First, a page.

Horror Film Review: 13 Sins (2014)

13 Sins Horror Movie Review 2014 Psychological Horror

Director: Daniel Stamm
Starring: Mark Webber, Devon Graye and Tom Bower
Run time: 93 minutes

I decided to take risks recently with films, so instead of doing my usual and reading two thirds of the plot on Wikipedia, I’m watching films with next to no prior information on the story. This pays off nine out of ten times, but occasionally there are some that make me think that my Tesco run for jiffy bags would make a more enthralling movie. So, you’ll just have to keep reading to find out if this film was an unforgiving risk.

Mark Webber plays Elliot Brindle, an unfortunate soul who is money starved whilst trying to support his pregnant wife, disabled brother and abusive father – not the easiest job. But his issues seem like yesterday’s news when a strange phone call states that killing and eating a fly could gain him some serious cash. When things delve deeper into the sinister, it’s not long before Elliot is consumed with the money and the overwhelming sense this might have been too good to be true.

I’m particularly fond of psychological horrors, and although this film wouldn’t hit my number spot for the subgenre, it definitely provides a clever and unpredictable plot. Gathered with the ‘lads’ (my two noble steeds for film sessions) we all gaggled about how we wouldn’t be as foolish as Brindle to indulge in these tasks and accept the money, but that’s probably a lie. The theme of “How far would you go for X about of money?” is common, however this film really made you wonder about not only what kind of sins you’d commit but also how much you’d hurt those you loved.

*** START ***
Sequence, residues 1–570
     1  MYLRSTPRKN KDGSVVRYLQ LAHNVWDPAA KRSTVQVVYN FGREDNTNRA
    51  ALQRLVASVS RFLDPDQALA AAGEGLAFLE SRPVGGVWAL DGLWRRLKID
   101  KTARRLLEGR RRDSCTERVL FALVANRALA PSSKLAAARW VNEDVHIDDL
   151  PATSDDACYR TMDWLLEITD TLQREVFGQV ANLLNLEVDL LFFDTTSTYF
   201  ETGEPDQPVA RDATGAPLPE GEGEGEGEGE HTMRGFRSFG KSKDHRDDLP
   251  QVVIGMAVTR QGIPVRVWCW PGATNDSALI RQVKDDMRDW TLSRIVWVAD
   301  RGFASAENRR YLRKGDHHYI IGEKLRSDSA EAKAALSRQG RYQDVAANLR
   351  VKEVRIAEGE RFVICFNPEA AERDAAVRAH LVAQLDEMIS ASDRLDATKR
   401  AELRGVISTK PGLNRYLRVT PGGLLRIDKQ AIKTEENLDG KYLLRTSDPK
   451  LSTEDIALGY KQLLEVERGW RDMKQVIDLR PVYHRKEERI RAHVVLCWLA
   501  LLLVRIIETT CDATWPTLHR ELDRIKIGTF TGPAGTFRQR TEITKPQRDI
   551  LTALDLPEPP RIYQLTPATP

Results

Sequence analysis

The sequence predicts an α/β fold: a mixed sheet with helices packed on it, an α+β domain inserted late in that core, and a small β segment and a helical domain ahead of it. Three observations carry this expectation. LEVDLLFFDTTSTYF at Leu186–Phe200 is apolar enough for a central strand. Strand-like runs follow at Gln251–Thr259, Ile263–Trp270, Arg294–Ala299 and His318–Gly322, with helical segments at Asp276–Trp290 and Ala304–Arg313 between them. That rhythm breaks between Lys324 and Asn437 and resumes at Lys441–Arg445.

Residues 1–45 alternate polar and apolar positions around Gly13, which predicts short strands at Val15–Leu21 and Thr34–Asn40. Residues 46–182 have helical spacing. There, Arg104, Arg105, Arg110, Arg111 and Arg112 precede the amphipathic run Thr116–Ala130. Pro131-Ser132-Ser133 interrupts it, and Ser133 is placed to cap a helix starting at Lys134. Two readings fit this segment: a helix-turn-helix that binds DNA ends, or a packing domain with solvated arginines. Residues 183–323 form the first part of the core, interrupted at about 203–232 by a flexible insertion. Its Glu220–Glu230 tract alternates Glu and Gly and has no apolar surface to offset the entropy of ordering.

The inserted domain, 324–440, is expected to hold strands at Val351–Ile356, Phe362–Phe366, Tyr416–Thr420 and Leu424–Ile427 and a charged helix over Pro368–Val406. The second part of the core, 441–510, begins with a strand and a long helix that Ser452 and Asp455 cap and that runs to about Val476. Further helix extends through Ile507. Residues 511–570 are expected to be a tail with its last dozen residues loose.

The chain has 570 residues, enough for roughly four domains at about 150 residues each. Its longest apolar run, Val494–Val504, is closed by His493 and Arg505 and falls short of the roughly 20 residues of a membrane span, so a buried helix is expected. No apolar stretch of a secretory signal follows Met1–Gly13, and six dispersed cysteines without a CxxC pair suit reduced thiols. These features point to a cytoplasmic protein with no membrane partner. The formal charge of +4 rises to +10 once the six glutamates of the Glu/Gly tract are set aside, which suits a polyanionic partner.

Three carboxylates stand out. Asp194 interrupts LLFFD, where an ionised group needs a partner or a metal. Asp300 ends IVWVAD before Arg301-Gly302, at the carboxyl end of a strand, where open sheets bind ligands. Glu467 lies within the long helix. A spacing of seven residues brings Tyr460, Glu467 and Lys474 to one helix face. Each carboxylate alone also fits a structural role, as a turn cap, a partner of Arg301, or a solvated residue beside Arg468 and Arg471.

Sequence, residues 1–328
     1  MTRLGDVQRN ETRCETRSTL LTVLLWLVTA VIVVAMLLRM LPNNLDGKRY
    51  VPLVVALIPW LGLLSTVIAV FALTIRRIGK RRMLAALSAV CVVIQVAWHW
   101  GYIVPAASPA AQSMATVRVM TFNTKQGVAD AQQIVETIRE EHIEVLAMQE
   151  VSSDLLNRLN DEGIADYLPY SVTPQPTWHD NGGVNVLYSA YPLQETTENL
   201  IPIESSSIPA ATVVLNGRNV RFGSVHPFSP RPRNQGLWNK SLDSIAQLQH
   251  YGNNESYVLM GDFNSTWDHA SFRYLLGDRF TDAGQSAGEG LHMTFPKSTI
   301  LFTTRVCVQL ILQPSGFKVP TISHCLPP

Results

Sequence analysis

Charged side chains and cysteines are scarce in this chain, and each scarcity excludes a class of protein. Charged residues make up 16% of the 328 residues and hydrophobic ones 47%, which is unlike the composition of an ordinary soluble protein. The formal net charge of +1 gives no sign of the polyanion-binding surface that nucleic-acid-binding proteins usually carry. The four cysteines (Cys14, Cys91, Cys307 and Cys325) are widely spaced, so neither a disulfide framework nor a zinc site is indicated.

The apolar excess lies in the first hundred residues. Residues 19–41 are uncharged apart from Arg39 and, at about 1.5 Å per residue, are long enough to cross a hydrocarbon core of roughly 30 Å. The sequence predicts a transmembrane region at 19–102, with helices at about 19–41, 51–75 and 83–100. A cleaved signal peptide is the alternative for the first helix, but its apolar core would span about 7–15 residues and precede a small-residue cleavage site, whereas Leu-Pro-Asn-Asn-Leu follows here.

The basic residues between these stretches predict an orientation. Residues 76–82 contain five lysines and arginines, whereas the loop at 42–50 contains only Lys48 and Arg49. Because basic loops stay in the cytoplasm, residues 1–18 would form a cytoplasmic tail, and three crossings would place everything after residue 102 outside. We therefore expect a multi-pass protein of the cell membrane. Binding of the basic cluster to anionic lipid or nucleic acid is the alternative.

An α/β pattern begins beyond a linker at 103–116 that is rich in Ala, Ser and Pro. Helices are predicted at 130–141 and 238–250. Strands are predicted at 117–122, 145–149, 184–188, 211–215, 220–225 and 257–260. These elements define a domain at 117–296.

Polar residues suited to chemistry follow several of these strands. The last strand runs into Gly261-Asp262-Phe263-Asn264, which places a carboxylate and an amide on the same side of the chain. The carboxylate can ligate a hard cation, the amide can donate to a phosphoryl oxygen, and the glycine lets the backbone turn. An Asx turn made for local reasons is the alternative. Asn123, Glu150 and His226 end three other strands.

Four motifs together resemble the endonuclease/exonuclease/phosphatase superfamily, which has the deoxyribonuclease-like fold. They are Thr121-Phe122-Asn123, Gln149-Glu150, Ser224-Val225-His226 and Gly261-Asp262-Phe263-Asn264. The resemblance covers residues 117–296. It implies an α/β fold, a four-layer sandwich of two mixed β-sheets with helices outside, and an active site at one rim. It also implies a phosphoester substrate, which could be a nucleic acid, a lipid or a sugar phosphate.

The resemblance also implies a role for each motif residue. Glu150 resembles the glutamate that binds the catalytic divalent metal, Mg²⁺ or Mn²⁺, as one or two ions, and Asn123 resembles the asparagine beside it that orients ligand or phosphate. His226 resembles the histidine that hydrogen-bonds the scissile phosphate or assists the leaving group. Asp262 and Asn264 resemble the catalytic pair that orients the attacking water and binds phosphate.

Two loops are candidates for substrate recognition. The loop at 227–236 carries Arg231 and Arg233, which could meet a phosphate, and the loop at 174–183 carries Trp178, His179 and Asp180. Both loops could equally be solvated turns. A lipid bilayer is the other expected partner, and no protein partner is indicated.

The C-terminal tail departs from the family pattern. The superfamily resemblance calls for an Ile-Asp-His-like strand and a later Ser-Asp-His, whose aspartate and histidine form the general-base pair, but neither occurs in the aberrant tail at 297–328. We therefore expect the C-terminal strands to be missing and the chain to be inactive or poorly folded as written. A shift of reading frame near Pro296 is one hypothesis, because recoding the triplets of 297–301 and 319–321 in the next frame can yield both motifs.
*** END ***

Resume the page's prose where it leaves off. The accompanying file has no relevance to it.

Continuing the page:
We watch Elliot’s spiralled obsession with the game, and his fixation on having this money that would eradicate all of his problems. With his rational decision making obscured by the dollar signs flashing across his pupils, we see Elliot commit even more horrendous crimes, completely forgetting the fact that money can’t help you fight the law when you’re in the wrong (unless you can get Saul as your lawyer). There are some inventive kills in this film, with one scene in particular that had a sweet and sickly tone with some added gore, although there always could have been room for a little more in my eyes.

I’m fairly on the detective ball when it comes to guessing the twist in a film, but there was not a single moment that I even had a hunch of what was really going on. If you’re one who gets excited by psychological films that make you pose a question to yourself and also turn the tables a little, this one is worth a watch.

Verdict: 4 out of 5

 

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